Researchers at University College London have used artificial intelligence to reimagine a piece of art that Picasso painted over with “The Old Guitarist” (1903-04). The hidden painting features a nude woman sitting with one arm outstretched.
On the canvas, signs of her presence are faintly visible in the texture of the paint. Her eyes gaze out above the guitarist from behind the grey-blue wall of paint. But in 1998, conservators at the Art Institute of Chicago used X-rays and infrared light to create a radiograph that shows both “The Old Guitarist” and the lost woman overlapping. That provided proof of her existence and revealed she had been painted in her entirety before Picasso reused the canvas. The painting also matches a sketch of a woman that Picasso sent to a friend.
After researchers manually edited the combined image to remove the guitarist, they could apply artificial intelligence to the black-and-white figure that was left. Using a neural network capable of overlaying artistic styles to other images, researchers Anthony Bourached and George Cann transferred the style of Picasso’s “La Vie,” a pre-1904 blue period painting, to the outline of the lost woman. The result was the same figure, now white with pale blue shadows, sitting in front of a dark blue backdrop with black ripples.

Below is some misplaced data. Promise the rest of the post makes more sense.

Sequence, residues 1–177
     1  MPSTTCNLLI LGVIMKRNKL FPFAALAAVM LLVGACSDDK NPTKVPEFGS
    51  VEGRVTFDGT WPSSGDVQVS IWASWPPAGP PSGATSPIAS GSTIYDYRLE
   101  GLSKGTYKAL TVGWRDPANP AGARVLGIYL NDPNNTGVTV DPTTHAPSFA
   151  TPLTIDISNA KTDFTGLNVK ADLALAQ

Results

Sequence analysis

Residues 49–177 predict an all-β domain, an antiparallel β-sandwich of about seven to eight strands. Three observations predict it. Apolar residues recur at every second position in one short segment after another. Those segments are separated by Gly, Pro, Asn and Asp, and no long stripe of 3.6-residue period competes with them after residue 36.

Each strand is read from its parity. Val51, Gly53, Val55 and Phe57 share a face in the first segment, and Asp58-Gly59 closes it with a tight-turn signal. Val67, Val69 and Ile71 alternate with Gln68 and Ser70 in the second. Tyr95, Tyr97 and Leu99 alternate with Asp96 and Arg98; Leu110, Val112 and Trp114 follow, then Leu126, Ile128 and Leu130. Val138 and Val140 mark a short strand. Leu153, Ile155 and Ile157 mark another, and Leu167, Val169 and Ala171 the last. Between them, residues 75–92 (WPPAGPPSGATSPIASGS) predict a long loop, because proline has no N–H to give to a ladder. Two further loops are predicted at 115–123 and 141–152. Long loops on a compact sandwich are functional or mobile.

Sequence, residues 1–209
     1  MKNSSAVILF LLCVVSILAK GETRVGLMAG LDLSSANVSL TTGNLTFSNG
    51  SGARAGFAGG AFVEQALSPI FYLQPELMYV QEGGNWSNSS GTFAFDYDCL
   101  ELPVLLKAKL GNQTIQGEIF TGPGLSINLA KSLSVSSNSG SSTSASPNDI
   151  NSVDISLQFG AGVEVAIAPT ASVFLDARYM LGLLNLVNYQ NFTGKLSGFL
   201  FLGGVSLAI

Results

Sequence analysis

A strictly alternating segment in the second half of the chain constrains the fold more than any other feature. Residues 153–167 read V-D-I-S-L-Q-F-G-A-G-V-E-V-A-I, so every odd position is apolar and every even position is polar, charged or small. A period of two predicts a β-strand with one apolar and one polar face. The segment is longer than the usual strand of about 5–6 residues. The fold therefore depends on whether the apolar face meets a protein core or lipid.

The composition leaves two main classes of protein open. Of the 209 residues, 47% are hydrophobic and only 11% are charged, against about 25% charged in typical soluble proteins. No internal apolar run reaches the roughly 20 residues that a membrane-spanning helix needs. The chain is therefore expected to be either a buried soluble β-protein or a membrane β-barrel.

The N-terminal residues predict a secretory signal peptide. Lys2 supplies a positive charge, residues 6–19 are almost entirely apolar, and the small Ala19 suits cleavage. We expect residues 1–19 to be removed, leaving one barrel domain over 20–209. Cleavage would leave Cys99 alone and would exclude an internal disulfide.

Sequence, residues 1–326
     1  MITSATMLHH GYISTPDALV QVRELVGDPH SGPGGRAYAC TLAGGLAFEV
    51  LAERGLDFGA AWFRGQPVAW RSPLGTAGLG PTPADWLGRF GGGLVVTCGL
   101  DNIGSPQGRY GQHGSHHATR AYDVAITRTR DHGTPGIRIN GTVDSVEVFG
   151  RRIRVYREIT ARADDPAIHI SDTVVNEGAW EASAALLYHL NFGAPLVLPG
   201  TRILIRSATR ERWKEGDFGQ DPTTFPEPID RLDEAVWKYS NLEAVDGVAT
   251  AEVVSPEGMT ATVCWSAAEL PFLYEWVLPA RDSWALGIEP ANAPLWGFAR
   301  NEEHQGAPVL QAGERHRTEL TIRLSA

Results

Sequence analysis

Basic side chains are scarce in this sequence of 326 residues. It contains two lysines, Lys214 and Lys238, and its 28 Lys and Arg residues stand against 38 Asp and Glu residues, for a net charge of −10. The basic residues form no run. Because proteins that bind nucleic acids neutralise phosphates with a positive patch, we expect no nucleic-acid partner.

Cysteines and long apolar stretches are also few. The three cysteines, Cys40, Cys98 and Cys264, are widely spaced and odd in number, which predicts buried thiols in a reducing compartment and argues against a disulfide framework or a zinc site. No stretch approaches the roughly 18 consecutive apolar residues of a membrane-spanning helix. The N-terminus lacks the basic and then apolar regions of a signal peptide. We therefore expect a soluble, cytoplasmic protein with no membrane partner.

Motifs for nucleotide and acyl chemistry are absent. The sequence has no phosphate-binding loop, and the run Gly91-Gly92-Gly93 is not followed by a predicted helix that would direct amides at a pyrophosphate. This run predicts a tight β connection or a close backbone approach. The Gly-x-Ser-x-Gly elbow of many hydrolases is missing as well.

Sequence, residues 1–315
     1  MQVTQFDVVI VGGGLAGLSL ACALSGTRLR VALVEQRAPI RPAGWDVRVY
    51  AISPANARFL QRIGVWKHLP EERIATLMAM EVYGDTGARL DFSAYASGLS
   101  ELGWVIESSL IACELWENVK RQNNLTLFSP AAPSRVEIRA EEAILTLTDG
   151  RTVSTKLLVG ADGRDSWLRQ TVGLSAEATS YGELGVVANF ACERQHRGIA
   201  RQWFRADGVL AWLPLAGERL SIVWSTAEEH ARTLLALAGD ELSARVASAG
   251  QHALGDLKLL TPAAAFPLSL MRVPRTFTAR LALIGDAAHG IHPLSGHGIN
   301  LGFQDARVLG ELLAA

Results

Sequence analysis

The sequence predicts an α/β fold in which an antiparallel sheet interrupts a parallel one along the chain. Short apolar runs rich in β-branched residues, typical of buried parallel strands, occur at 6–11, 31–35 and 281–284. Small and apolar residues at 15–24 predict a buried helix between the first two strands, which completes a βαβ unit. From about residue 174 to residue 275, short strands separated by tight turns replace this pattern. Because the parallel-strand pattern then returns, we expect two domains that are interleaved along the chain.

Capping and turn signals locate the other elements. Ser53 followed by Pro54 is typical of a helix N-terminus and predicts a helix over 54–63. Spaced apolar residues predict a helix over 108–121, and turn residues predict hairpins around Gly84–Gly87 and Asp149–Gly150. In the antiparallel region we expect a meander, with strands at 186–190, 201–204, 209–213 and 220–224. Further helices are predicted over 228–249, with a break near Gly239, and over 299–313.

The technology they used was first published in 2015, and its creators provided a preview of its abilities by applying the stylings of Vincent van Gogh’s “Starry Night” to a clip of the 2002 animated movie “Ice Age.”
Picasso was known to reuse canvases, painting over artworks that museums would be proud to display today. Bourached and Cann also looked behind Picasso’s “The Crouching Beggar” and reimagined a mountainous landscape that art historians believe was painted by Santiago Rusiñol. And in 2014, a portrait of a man was identified behind Picasso’s “The Blue Room.”
It’s impossible to recreate a painted-over image. But digital versions can reimagine the lost works in the style of artwork created by the same artist or at the same time in their artistic careers. Even a recreation of a lost piece of art can be useful to art historians and conservators.
The authors say in their paper, “Our method of combining original but hidden artwork, subjective human input, and neural style transfer helps to broaden an insight into an artist’s creative process.”